Utility patents

Utility patents refers to inventions or discovery of new and useful process, machines (engine, turbine, computer), articles of manufacture (physical products such as a cup, broom, or ladder), or composition of matter (mixture of substances, pharmaceuticals, plastics, etc.). Patents may also protect improvements of an existing item. In simple terms, a utility patent protects the way an invention operates or functions for an average of 20 years.

Design patents

Design patents protect new, original, and ornamental designs for an existing physical object, an article of manufacture. An inventor may obtain both a utility patent and a design patent if their invention has a unique design or ornamentation. Often, design patent refers to unique shapes or styles across a broad array of products, from jewelry to cars and even computer emojis. In 1915, Coca-Cola patented the unique curve of their glass soda bottles. Design patents typically last 14 to 15 years.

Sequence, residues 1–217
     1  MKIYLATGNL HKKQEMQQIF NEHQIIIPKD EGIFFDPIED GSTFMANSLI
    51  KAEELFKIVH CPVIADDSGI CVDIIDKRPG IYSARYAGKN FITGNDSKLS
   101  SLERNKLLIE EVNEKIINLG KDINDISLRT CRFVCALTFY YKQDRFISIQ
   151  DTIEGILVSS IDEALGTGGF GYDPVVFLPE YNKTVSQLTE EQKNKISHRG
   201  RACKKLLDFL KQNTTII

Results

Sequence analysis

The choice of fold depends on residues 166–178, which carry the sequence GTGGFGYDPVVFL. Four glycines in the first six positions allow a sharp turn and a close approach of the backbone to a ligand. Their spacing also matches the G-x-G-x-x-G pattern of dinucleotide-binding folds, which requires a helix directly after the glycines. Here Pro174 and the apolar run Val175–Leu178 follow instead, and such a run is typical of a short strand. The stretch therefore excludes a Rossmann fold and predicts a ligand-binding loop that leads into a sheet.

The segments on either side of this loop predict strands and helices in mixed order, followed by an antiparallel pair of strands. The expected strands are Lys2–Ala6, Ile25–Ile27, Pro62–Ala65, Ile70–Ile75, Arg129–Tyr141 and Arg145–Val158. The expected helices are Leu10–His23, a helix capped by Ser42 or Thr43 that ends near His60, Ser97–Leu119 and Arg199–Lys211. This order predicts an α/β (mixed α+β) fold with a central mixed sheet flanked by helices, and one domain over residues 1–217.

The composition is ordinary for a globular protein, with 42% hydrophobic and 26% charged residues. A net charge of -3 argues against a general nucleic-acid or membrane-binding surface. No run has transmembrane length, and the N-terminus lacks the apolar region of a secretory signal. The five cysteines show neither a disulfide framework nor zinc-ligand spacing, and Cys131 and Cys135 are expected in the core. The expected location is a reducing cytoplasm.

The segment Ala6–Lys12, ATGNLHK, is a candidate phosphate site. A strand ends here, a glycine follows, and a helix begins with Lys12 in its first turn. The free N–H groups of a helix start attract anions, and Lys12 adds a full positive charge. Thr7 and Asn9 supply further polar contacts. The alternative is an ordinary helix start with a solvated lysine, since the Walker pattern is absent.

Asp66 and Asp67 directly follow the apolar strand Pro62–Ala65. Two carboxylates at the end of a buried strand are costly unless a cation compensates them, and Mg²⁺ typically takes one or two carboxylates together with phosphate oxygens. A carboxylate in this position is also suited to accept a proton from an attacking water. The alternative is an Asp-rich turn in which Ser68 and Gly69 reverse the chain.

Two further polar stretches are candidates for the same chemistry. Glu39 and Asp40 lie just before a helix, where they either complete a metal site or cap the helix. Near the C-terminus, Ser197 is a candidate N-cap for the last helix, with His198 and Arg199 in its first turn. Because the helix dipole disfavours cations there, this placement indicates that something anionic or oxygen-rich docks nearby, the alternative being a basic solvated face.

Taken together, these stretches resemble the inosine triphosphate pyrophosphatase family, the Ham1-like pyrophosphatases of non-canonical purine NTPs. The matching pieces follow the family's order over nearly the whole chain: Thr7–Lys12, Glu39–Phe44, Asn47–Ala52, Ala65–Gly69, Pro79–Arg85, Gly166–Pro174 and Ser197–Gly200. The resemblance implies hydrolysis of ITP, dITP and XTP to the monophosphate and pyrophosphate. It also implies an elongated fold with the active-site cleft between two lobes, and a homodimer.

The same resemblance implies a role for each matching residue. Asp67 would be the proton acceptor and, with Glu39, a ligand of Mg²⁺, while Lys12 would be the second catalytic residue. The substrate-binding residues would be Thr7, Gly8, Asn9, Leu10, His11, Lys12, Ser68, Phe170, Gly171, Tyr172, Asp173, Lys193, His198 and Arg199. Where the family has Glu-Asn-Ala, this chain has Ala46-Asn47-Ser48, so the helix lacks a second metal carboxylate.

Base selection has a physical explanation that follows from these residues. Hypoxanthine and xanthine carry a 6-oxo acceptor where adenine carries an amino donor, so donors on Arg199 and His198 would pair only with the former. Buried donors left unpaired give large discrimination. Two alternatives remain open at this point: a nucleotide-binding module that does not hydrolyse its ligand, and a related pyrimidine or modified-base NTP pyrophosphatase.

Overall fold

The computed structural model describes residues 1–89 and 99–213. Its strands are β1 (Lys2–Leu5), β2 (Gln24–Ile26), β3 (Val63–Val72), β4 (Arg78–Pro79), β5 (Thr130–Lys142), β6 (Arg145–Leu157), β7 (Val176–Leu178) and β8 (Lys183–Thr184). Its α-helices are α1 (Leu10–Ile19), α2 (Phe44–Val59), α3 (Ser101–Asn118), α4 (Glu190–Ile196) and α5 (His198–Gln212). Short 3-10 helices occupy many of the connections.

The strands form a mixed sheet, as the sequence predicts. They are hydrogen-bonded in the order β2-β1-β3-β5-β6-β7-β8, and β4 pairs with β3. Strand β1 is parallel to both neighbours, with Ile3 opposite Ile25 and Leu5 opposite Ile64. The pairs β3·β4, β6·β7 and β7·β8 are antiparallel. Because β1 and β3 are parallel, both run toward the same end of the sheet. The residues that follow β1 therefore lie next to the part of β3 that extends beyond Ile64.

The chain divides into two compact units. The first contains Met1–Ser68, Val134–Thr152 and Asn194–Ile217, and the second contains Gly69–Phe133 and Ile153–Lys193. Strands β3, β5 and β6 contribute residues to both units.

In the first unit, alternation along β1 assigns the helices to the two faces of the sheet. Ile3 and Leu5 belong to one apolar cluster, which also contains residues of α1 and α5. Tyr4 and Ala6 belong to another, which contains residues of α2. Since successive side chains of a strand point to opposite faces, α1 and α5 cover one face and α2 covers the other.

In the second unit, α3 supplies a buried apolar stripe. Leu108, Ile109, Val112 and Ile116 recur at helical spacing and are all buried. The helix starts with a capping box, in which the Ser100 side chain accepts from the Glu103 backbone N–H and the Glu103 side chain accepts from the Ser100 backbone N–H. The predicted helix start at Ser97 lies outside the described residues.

Plant patents

Plant patents cover the asexual reproduction of any distinct and new variety of plants. This includes genetic engineering of hybrid crops, plants, and flowers. These new strains are often used to make food-producing plants more resistant to harmful effects such as insects and weather. Protections last 20 years.

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